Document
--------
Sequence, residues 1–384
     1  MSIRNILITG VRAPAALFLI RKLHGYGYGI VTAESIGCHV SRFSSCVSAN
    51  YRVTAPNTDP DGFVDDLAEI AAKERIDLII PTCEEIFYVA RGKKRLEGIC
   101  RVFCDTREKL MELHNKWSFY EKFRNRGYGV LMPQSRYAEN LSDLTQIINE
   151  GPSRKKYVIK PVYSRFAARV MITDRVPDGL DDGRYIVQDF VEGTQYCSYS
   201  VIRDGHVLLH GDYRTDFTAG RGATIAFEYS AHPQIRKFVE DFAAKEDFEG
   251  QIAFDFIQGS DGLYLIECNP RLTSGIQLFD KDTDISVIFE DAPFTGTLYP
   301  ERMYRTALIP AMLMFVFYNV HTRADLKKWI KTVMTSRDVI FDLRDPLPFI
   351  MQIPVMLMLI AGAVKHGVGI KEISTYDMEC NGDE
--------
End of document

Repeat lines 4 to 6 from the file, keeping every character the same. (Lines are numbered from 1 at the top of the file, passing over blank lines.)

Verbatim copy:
   101  RVFCDTREKL MELHNKWSFY EKFRNRGYGV LMPQSRYAEN LSDLTQIINE
   151  GPSRKKYVIK PVYSRFAARV MITDRVPDGL DDGRYIVQDF VEGTQYCSYS
   201  VIRDGHVLLH GDYRTDFTAG RGATIAFEYS AHPQIRKFVE DFAAKEDFEG